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QoS Testing between CNAF and Pisa Test results Nov 29 2005.

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Presentation on theme: "QoS Testing between CNAF and Pisa Test results Nov 29 2005."— Presentation transcript:

1 QoS Testing between CNAF and Pisa Test results Nov

2 Outline Objectives QoS scenarios Best-effort TCP performance results Test on differentiation of outgoing traffic from INFN-Pisa to CNAF Best-effort UDP performance results Future work

3 Objectives Test traffic differentiation techniques on the customer edge routers of the INFN local area networks, for allocation of a minimum guaranteed bandwidth to a number of traffic classes –Traffic classification and marking –Scheduling: Weighted Round Robin (WRR) –No policing (for the moment)

4 Testbed configuration CNAF: –Juniper M10 (dedicated to testing) –GigaEthernet switch Extreme Summit 400 –Two end-nodes (64 bit PCI slot network interface, 1 GEthernet), connected to the Service Challenge GigaEthernet switch –Capacity to/from GARR: 2 Gbit (boundling of two GEthernet interfaces) PISA –Juniper M7 (production router) –Two end-node (64 bit PCI-X slot network interface, 1 GEthernet; 1 Fast-Ethernet interface ) –Capacity to/from GARR: 1 Gbit

5 Traffic Classes 1.User traffic: Bandwidth range: [300, 1000] Mb/s Minimum 30% of link capacity guaranteed in case of congestion TOS Preference codepoint: 000 (best-effort) 2.Service Challenge traffic: Bandwidth range: [700, 1000] Mb/s Minimum 70% of link capacity guaranteed in case of congestion TOS Preference codepoit: 001 (assured-rate) Purposes of traffic differentiation: –Allocation of minimum guaranteed bandwidth to input/output legacy and Service Challenge traffic classes in case of congestion –Fair distribution of link capacity in case of congestion –Possibility to get more bandwidth than the minimum guaranteed in case of spare link capacity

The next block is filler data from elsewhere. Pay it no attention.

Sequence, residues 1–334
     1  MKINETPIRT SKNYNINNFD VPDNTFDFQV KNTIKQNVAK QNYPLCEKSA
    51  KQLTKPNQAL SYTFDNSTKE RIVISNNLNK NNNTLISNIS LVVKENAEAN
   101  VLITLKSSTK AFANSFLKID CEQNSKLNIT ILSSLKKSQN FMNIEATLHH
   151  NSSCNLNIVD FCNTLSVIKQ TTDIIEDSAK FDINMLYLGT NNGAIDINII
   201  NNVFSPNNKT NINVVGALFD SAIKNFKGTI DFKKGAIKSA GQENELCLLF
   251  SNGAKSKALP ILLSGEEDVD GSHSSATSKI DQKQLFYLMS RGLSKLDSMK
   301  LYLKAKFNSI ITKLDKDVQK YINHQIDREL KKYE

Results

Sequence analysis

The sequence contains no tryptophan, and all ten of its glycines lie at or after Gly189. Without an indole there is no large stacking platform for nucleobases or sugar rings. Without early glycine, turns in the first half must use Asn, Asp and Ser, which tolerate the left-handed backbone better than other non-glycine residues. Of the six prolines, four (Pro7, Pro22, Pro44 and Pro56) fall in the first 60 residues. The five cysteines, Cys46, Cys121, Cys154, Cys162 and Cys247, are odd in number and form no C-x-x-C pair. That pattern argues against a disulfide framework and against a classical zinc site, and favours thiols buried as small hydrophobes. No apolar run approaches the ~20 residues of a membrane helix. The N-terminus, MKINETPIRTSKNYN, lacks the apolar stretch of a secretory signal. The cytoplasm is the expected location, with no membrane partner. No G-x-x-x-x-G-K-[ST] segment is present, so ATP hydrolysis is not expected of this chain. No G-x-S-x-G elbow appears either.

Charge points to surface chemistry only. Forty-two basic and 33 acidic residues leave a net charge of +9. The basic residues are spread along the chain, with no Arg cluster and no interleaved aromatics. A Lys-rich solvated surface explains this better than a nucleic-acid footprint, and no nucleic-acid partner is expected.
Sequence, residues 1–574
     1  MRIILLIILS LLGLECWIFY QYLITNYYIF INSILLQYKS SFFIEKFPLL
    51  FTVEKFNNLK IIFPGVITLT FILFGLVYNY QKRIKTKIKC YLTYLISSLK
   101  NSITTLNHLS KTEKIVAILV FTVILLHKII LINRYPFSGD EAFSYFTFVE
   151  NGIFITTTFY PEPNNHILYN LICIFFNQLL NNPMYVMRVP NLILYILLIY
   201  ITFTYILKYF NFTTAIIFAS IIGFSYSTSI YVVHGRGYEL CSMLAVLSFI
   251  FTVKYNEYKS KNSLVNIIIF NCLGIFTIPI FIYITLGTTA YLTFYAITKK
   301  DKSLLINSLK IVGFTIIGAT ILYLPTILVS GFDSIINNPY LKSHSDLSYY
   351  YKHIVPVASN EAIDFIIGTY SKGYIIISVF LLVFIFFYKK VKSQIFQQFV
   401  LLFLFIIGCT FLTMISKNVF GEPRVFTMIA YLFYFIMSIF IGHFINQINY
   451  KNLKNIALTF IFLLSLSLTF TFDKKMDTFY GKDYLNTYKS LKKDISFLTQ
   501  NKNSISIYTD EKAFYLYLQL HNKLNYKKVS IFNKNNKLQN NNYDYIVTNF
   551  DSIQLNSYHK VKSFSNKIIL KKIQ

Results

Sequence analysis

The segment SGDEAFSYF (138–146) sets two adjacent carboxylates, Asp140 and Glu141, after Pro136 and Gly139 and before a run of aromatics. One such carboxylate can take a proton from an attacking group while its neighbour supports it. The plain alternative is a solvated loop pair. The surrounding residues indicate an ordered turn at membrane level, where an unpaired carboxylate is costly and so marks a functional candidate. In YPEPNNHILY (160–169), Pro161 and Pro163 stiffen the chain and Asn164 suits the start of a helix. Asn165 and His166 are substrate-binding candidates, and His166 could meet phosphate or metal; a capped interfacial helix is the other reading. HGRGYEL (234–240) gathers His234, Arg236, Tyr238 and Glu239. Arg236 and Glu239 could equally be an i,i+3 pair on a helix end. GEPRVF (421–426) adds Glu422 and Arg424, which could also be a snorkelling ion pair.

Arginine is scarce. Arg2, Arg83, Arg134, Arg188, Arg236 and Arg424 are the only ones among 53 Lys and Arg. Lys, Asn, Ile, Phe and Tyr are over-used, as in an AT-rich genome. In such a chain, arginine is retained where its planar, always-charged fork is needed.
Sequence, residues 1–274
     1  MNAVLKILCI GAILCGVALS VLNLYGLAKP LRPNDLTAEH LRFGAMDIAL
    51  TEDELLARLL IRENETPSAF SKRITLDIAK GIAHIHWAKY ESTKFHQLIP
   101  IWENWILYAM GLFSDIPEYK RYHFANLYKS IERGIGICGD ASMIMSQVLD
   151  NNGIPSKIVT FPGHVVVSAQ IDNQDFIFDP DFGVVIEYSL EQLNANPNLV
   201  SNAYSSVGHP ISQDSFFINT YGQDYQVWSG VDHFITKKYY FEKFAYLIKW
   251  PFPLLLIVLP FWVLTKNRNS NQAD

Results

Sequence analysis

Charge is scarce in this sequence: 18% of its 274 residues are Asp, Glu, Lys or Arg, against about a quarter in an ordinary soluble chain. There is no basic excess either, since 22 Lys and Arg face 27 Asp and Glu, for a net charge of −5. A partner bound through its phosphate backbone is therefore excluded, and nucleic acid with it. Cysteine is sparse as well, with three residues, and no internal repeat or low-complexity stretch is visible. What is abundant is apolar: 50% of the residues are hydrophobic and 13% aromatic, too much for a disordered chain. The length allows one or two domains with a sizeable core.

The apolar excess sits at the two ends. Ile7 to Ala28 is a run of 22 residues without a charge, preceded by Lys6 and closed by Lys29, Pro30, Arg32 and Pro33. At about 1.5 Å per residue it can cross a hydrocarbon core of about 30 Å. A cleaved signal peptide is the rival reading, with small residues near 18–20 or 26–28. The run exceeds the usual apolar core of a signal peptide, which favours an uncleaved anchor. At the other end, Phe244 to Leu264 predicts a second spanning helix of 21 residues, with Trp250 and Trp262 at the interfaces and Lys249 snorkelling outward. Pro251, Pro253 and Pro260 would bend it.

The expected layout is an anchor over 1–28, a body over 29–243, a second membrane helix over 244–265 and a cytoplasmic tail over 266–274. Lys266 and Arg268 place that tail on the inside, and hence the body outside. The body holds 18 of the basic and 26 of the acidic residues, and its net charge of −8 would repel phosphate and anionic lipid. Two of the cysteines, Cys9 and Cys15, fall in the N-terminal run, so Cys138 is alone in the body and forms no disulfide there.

6 Scenario 1: differentiation of outgoing traffic (from Pisa) GARR GARR CNAF INFN Pisa 70% 30% Juniper M10Juniper M7 1 Gb/s 2.0 Gb/s Service Challenge bottleneck Users

7 Scenario 2: differentiation of incoming traffic (to Pisa) GARR GARR CNAF INFN Pisa 70% 30% Juniper M10Juniper M7 1 Gb/s 2.0 Gb/s Service Challenge bottleneck Users

8 Scenario 3: differentiation of outgoing traffic (from CNAF) GARR CNAF Pisa Juniper M10 Torino Legnaro Milano Bari 2.0 Gb/s 20% bottleneck

9 Scenario 4: differentiation of incoming traffic (to CNAF) GARR GARR CNAF Pisa Juniper M10 Torino Legnaro Milano Bari 2.0 Gb/s 1Gb/s 100Mb/s 1Gb/s bottleneck

10 Best-effort TCP performance Initially asymmetric throughput to/from Pisa (probably due to misconfiguration in the PISA MAN), now solved Performance (with network configuration fixed):

11 Best-effort TCP performance: test CNAF INFN Pisa

12 Differentiation of outgoing traffic (from Pisa) GARR GARR CNAF INFN Pisa SC 1 70% Juniper M10Juniper M7 1 Gb/s 2.0 Gb/s Service Challenge bottleneck Users 30% SC 2 BE1 BE2 BE1 AR

13 Test on differentiation of outgoing traffic (1/2) N° test Sender (command - line) [Mb/s] Riceiver [Mb/s] Protocol Dropped Packets Percentuage 1 BE1 = 90 BE2 = 250 AR = 750 BE1 = 72 BE2 = 198 AR = 670 UDP BE1 = 8 BE2 = 21 AR = 71 2 BE1 = 90 BE2 = 280 AR = 700 BE1 = 67 BE2 = 208 AR = 663 UDP BE1 = 7 BE2 = 22 AR = 71 3 BE1 AR TCP × BE1 = 10,5 AR = 89,5 4 BE1 = BE2 = 280 AR = BE1 = 68,5 BE2 = 280 AR = 565 TCP UDP TCP × BE1 = 7,5 BE2 = 30,7 AR =61,8

14 N° test Sender (command - line) [Mb/s] Riceiver [Mb/s] Protocol Dropped Packets Percentuage 5 BE1 = 90 BE2 = AR = 750 BE1 = 90,5 BE2 = 47 AR = 783 UDP TCP UDP × BE1 = 9,9 BE2 = 5,1 AR = 85 6 BE1 = 90 BE2 = 250 AR = BE1 = 90,4 BE2 = 250 AR = 583 UDP TCP × BE1 = 10,6 BE2 = 27 AR = 62,4 7 BE1 = BE2 = AR = 750 BE1 = 76,3 BE2 = 68 AR = 784 TCP UDP × BE1 = 9,7 BE2 = 7,2 AR = 83,1 8 BE1 = 80 BE2 = 250 AR = BE1 = 80 BE2 = 250 AR = 600 UDP TCP (*20) × BE1 = 8,4 BE2 = 26,9 AR = 64,5 9 BE1 = 80 BE2 = 250 AR = BE1 = 80 BE2 = 250 AR = 600 UDP TCP (*100) × BE1 = 8,4 BE2 = 26,9 AR = 64,5 Test on differentiation of outgoing traffic (2/2)